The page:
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The course aims to explore dance and movement-based performances as mediums through which identities in Asian and Asian-American (including South-Asian) communities are cultivated, expressed, and contested. It will orient students towards “reading” and analyzing live and mediated performances within historical, social, and political frameworks. Students will explore how socio-historical contexts influence the processes through which dance performances are invested with particular sets of meanings, and how artists use performance to reinforce or resist stereotypical representations. Core readings will be drawn from Dance, Performance, Asian, and Asian American Studies, and will engage with issues such as nation formation, race and ethnicity, appropriation, tradition and innovation among other topics. This is primarily a discussion-based seminar course, and might also include film screenings, discussion with guest artists and scholars, and opportunities for creative projects. No previous dance experience is required.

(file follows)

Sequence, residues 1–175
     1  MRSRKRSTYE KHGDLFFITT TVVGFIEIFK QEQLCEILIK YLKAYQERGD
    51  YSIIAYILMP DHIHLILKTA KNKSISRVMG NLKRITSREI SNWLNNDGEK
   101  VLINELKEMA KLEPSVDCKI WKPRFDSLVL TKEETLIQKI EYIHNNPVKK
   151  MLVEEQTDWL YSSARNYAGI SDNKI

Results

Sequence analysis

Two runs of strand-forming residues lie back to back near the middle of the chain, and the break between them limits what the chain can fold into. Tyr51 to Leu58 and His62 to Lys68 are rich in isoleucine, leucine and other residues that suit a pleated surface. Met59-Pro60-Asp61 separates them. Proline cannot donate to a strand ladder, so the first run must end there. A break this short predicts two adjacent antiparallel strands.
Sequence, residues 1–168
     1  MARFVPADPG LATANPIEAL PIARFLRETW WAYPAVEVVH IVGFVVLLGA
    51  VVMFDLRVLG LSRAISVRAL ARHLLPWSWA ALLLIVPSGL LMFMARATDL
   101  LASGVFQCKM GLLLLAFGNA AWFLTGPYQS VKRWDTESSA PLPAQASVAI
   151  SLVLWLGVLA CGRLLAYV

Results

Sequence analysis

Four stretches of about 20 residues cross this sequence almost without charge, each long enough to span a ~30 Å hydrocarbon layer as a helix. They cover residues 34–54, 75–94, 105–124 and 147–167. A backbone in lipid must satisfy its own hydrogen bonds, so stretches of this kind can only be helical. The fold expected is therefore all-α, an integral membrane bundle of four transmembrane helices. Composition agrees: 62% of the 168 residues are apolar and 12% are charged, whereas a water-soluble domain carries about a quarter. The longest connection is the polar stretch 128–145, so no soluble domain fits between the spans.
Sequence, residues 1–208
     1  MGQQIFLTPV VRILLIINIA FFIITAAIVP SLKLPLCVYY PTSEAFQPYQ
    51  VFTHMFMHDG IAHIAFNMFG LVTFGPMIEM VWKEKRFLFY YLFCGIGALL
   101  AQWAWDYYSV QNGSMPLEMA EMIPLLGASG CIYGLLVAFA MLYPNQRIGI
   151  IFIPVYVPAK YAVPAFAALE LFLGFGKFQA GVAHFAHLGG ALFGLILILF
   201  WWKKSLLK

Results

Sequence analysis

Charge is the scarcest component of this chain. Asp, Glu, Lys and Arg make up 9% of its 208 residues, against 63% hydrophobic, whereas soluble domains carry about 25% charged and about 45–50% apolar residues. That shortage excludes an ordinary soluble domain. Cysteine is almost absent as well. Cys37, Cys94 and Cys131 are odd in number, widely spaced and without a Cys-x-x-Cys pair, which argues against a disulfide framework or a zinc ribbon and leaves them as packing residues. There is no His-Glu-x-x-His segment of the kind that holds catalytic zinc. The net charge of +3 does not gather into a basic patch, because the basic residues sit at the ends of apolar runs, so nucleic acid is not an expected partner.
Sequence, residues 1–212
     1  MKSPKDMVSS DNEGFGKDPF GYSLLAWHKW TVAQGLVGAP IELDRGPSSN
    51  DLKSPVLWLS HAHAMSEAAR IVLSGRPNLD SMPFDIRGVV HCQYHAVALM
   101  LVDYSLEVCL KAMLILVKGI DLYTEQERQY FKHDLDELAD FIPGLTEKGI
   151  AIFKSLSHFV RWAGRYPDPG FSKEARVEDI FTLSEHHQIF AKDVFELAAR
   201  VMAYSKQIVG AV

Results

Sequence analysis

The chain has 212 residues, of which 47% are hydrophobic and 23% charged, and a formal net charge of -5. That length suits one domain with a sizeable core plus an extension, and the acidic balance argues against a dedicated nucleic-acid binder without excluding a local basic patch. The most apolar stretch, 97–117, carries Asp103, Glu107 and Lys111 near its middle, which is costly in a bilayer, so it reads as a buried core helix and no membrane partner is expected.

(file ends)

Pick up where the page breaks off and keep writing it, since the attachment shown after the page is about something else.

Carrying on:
Format: seminar; This course will be taught in a virtual format and will be remote.
Grading: yes pass/fail option,
no fifth course option
reading responses, essays, in-class writing assignments, class participation, and group presentations.
first years and sophomores
Difference, Power, and Equity
This course is cross-listed and the prefixes carry the following divisional credit:
This course introduces students to the role of performance in nation formation in Asia and the history of Asian-Americans in the US through analysis of dance performances and practices. Student will explore how race was central to the formation of Asian and the American nation, and how social and legal discriminatory practices against minorities influenced popular culture. The assigned material provide examples of how artists address these inequalities and differences in social power.